My first serious contact with computer code occured in the early 80’s, using a drawing program known as Logo. Our elementary school had a small computer lab, which we were allowed to use a few times per week. The premise of Logo was simple: the user controls a “Turtle”, which was moved around the screen to draw lines and fill in shapes. Kids being kids, we started off drawing the nice shapes suggested by our teachers and things quickly devolved into a contest to see who could make the turtle move fastest…
One recent Saturday morning, I introduced my children to the ideas behind Logo, using Python’s turtles library. This is a good (free!) recreation of the program I remember and, better yet, is included as part of Python’s standard library. To use it, type “import turtles” at the interpreter prompt and you’re good to go…
Incidently, this was not a hardcore programming lesson. While I dearly hope my kids will someday debate the merits of using object oriented vs functional programming, we had a simpler set of goals. With young kids, you’ve got to keep the lesson fun and tangible. There were a couple of basic programming ideas I wanted to slip in along the way:
- Using variables to store a value
- Using if-then statements to control the flow of a program
- Looping / Iteration (just for loops for now)
- The importance of good comments…
Logo is an elegant little language, in the sense that you can be semi-productive after understanding a handful of core commands. For those following along at home, here are about half-a-dozen statements that you should start with:
- Basic Movement: forward (steps), backward (steps)
- Basic Turning: left (degrees) / right (degrees) : turn left (right) by X degrees
- penup() / pendown(): controls if the turtle is going to draw a line…
- begin_fill(), end_fill(): controls if you are going to fill in an enclosed space; use begin_fill() when you begin the enclosing line and end_fill() when you’re done.
These can be packaged into procedures using variables and standard Python control statements (if statements, for statements for loops, and function definitions). For more about controlling the flow of a program, check out this section of the Python Tutorial.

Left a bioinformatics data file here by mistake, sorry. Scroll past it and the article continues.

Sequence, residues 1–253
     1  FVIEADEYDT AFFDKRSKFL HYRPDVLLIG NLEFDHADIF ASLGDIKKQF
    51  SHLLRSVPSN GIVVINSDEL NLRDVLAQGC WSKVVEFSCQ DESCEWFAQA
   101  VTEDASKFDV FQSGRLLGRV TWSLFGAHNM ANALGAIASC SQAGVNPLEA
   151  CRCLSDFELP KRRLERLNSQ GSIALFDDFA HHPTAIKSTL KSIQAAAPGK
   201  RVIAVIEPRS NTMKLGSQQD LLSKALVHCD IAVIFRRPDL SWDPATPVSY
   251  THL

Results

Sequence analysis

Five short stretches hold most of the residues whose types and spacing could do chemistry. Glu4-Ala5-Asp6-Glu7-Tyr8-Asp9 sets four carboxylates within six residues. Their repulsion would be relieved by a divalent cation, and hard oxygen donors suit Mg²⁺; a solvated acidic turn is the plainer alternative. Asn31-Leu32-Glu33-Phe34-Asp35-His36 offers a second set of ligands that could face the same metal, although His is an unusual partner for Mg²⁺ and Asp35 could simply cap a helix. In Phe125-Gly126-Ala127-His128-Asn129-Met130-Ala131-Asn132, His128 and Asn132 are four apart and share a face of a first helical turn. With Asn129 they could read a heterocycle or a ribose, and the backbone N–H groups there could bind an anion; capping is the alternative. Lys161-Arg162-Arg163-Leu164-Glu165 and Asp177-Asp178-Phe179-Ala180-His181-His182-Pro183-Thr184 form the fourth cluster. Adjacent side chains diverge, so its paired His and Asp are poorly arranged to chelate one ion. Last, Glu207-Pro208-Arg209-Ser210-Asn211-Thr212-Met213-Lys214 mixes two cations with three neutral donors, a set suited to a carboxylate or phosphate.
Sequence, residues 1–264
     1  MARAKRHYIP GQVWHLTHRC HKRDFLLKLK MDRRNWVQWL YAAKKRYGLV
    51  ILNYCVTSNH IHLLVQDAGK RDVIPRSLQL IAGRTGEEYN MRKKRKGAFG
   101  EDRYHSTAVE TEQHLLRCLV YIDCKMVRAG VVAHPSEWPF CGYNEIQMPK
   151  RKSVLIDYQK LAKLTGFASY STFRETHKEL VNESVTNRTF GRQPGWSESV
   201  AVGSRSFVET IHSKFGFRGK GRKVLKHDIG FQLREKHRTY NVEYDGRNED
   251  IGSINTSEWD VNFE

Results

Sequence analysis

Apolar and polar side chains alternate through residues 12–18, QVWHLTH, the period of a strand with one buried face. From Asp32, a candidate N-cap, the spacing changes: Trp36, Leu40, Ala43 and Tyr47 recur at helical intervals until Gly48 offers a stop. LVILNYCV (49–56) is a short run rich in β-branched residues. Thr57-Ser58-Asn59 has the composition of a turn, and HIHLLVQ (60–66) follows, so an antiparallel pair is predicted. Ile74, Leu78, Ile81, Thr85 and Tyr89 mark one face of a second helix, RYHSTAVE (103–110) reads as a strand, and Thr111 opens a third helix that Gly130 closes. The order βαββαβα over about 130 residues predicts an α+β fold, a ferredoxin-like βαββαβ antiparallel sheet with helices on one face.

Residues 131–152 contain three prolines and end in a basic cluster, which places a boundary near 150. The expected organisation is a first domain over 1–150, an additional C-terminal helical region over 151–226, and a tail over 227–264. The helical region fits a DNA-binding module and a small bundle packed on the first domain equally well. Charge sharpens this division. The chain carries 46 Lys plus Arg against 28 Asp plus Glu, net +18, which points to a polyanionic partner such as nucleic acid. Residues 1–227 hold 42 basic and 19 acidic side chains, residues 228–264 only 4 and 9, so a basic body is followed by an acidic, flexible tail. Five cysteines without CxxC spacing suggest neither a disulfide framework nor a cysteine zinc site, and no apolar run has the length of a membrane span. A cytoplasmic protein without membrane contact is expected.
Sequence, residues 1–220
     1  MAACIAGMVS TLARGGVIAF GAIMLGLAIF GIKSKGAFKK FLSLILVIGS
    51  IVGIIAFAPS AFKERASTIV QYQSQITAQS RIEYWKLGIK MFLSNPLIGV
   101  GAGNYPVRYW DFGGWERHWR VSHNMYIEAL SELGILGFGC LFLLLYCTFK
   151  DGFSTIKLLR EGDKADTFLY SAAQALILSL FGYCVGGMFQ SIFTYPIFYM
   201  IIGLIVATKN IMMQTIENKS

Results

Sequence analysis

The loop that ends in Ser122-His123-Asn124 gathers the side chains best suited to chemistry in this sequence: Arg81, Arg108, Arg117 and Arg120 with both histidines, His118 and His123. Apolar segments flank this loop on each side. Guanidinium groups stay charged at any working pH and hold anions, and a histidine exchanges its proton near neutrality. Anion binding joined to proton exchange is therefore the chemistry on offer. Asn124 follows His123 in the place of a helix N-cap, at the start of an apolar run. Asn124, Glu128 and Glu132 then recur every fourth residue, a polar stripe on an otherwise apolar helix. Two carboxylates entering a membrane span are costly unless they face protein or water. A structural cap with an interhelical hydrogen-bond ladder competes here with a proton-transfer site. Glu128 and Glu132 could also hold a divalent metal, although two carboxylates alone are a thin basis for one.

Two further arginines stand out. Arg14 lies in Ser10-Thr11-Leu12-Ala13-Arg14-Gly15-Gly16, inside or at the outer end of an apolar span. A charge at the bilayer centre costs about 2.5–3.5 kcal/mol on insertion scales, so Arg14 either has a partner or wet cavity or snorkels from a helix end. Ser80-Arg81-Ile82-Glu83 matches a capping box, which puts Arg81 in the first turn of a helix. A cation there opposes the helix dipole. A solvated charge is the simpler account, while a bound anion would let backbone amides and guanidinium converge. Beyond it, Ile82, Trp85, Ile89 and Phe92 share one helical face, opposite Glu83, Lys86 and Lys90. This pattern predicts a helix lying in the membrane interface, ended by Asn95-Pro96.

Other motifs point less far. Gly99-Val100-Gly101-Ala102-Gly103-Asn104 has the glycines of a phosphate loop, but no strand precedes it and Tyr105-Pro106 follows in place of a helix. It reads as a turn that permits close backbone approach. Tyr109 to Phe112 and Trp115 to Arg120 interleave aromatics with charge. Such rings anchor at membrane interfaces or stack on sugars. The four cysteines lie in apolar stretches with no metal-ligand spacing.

The lesson itself was pretty straightforward:
- I turned on a computer, fired up Python, and did a quick demo of what the turtles library could do, drawing a cool shape from one of this library of examples.
- Having attracted their attention, we went to the dining room where I explained a couple of the basic ideas of turtle graphics and demonstrated them by having the kids hop around the dining room. One child was the turtle and the other child was the programmer….
- I had their full attention once they realized they could make each other hop around the room (and hop into the walls, tables, chairs, pets…)
- Next step….I asked my second grader to start writing commands down. She took notes as we moved around the room: forward (20), right(90)…making a square..
- At the end she looked up. “Ok, I’m ready to code it”…. and ran to the computer.
- I showed her how to open up a new script window and enter her program.
- She tapped the first two lines of the loop into the program and looked up: “How do you cut & paste on this thing?” (Egad! I’m raising a script kiddie!)
- After a quick explanation of how for-loops work, we had a working program!
- We made a couple of other tweaks such as filling in a color (first blue, then green) and changing the size of the shape using a variable…
- After showing her work to Mom, we were done!
It was a fun little experience and, better yet, she asked me to show it to her again the next weekend….
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